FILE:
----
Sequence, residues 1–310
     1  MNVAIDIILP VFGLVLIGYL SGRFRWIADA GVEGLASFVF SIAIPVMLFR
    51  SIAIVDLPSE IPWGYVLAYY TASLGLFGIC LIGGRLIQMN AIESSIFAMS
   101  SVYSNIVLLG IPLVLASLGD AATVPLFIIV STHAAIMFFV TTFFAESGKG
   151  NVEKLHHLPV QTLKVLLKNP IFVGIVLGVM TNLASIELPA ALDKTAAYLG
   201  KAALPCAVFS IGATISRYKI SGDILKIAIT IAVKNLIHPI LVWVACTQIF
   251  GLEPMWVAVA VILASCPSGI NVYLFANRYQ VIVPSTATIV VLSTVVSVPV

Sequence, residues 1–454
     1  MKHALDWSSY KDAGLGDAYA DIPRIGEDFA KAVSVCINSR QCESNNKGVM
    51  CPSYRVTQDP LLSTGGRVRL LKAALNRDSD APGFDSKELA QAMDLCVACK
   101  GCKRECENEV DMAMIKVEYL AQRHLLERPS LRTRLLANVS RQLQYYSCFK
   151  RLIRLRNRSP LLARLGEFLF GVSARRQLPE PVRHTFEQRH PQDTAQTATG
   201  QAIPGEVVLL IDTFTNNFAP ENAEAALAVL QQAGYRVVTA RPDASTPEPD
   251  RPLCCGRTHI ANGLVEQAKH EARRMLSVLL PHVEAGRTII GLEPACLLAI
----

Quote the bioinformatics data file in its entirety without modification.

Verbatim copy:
Sequence, residues 1–310
     1  MNVAIDIILP VFGLVLIGYL SGRFRWIADA GVEGLASFVF SIAIPVMLFR
    51  SIAIVDLPSE IPWGYVLAYY TASLGLFGIC LIGGRLIQMN AIESSIFAMS
   101  SVYSNIVLLG IPLVLASLGD AATVPLFIIV STHAAIMFFV TTFFAESGKG
   151  NVEKLHHLPV QTLKVLLKNP IFVGIVLGVM TNLASIELPA ALDKTAAYLG
   201  KAALPCAVFS IGATISRYKI SGDILKIAIT IAVKNLIHPI LVWVACTQIF
   251  GLEPMWVAVA VILASCPSGI NVYLFANRYQ VIVPSTATIV VLSTVVSVPV

Sequence, residues 1–454
     1  MKHALDWSSY KDAGLGDAYA DIPRIGEDFA KAVSVCINSR QCESNNKGVM
    51  CPSYRVTQDP LLSTGGRVRL LKAALNRDSD APGFDSKELA QAMDLCVACK
   101  GCKRECENEV DMAMIKVEYL AQRHLLERPS LRTRLLANVS RQLQYYSCFK
   151  RLIRLRNRSP LLARLGEFLF GVSARRQLPE PVRHTFEQRH PQDTAQTATG
   201  QAIPGEVVLL IDTFTNNFAP ENAEAALAVL QQAGYRVVTA RPDASTPEPD
   251  RPLCCGRTHI ANGLVEQAKH EARRMLSVLL PHVEAGRTII GLEPACLLAI